During a Thursday speech to the Resource Development Council in Anchorage, Gov. Bill Walker addressed the status of the Alaska LNG megaproject, a state-led plan to build an 800-mile pipeline to carry gas from the North Slope.
Over the last year, the state has focused on finding buyers. Although no firm agreements have been announced, Walker said he’s encouraged by conversations he’s had with leaders of potential markets like China and South Korea.
But the governor also said he’s not likely to ask the legislature for more money for the project once current funding dries up.
“I don’t allow myself to get optimistic anymore – I’m hopeful, and I am hopeful,” Walker said. “But can we continue on after this funding? I’m doubtful, quite honestly.”
Currently, the state corporation charged with a gasline project is working through a $102 million budget to pursue a gas line; that’s supposed to last through the next fiscal year.
Walker also lauded the Trump administration’s support for oil and gas development in Alaska. The governor said he’s discussed ways to allow drilling in the Arctic Refuge’s 1002 area, or coastal plain, with Interior Secretary Ryan Zinke. Walker also said that during a meeting several months ago, President Donald Trump brought up the proposed Izembek road as a priority.
“Before I could start talking about anything, he immediately brought up the Izembek road,” Walker said. “The President said, ‘we need to build that road. I’ve been talking to Secretary Zinke, we’re going to make sure we build that road.’ I mean, talk about a new day — it’s a new day.”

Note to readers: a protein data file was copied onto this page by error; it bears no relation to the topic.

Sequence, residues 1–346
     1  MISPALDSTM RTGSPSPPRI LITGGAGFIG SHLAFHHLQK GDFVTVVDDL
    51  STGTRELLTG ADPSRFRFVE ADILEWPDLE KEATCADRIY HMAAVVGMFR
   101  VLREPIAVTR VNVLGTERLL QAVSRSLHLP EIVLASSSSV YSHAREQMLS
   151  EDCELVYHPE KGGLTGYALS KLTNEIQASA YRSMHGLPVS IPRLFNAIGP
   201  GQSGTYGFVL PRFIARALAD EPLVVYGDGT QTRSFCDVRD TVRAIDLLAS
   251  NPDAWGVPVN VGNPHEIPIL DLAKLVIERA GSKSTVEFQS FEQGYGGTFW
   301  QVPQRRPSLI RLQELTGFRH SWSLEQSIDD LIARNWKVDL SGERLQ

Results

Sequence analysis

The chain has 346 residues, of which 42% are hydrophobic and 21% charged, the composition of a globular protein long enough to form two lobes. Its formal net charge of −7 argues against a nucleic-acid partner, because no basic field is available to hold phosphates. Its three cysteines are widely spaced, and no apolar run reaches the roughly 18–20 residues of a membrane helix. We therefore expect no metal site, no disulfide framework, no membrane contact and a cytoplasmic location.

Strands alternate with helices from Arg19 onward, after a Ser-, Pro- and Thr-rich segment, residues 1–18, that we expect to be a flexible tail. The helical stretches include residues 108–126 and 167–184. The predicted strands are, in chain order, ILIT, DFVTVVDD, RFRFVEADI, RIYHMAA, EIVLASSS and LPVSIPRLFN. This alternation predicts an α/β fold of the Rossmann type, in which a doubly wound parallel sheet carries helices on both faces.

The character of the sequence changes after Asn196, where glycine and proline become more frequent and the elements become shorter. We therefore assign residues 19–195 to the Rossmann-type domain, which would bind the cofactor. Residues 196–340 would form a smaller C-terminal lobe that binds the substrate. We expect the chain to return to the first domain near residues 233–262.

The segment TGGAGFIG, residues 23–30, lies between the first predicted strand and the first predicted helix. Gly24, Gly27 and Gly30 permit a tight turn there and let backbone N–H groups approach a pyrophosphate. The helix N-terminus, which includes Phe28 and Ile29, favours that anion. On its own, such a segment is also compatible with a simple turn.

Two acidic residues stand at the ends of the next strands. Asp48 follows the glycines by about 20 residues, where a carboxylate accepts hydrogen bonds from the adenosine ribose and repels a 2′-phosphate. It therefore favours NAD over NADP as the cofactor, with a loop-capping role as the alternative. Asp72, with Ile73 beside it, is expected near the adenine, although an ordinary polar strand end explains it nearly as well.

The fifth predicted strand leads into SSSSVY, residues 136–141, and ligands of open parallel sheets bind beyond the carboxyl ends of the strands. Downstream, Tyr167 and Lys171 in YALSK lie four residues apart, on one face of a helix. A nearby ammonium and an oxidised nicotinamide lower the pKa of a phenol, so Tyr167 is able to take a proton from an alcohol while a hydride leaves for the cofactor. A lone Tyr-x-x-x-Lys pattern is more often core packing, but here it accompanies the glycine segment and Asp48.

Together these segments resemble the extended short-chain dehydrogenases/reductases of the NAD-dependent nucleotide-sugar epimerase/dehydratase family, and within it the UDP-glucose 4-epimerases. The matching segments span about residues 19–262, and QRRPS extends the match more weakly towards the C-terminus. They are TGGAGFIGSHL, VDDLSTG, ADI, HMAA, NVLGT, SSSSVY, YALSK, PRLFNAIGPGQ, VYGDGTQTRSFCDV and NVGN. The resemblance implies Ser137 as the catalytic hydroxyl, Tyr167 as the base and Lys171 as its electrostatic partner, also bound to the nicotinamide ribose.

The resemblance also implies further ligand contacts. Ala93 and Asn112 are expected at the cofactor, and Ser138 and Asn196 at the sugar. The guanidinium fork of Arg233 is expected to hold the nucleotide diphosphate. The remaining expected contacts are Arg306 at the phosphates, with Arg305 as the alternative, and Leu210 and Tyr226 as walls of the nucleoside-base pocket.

The Obama administration rejected plans to build a road through Izembek National Wildlife Refuge, citing impacts to habitat. But many Alaska leaders say King Cove residents need the 11-mile road built to nearby Cold Bay for emergency evacuations.
- With a surge in vehicle thefts in Anchorage, some residents are taking matters into their own hands. One group mobilizing through Facebook is reuniting stolen vehicles with their owners. Members of the A Team, as they call themselves, say they are filling a void left by overworked police.
- The Haines area used to be a Tlingit stronghold, ruled by an alliance between the prosperous Chilkat and Chilkoot people. A new Haines Sheldon Museum exhibit explores how the Native territory gradually gave way to white settlement in the late 1800s. The exhibit will anchor the museum’s upstairs space for at least two years.
- "If this technology goes the way that leading experts are predicting, we could see the entire corridor as a freeway could be autonomous by 2040,” said transportation consultant Scott Kuznicki.
- Concerns over animal welfare have led to changes in recent years in how livestock are raised. But seafood has been missing from the conversation. One group aims to change that.